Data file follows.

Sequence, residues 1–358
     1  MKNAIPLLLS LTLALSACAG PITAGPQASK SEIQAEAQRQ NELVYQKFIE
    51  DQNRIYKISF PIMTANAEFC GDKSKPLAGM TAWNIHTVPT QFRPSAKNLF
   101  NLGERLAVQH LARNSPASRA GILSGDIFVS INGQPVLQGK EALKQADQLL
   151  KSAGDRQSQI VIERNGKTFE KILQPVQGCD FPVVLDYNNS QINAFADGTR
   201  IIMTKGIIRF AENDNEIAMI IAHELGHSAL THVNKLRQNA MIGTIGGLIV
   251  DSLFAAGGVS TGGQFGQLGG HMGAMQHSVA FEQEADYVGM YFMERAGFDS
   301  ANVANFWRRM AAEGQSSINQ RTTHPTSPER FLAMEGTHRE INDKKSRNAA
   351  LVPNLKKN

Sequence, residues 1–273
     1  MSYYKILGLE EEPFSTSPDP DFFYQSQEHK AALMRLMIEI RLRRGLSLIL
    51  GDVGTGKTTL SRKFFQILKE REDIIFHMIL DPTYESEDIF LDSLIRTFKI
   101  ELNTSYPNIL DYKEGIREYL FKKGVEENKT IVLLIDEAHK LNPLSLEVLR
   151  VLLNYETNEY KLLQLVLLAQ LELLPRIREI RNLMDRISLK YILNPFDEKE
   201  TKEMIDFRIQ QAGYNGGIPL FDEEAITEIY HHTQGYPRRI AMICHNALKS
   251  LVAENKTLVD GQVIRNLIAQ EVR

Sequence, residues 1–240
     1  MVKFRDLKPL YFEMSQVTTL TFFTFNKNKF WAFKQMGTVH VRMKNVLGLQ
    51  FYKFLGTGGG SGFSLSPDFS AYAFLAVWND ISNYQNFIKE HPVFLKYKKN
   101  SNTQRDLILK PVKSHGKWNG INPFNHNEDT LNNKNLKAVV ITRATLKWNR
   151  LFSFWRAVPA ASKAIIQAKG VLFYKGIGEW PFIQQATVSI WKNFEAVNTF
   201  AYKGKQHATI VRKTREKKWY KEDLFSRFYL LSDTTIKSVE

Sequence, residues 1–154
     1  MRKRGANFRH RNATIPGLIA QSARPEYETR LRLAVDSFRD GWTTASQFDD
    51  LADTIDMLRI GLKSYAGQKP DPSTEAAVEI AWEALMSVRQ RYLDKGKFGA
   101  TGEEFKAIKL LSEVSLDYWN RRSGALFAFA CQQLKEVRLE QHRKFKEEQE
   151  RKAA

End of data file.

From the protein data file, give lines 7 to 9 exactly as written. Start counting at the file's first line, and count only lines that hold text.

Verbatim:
   251  DSLFAAGGVS TGGQFGQLGG HMGAMQHSVA FEQEADYVGM YFMERAGFDS
   301  ANVANFWRRM AAEGQSSINQ RTTHPTSPER FLAMEGTHRE INDKKSRNAA
   351  LVPNLKKN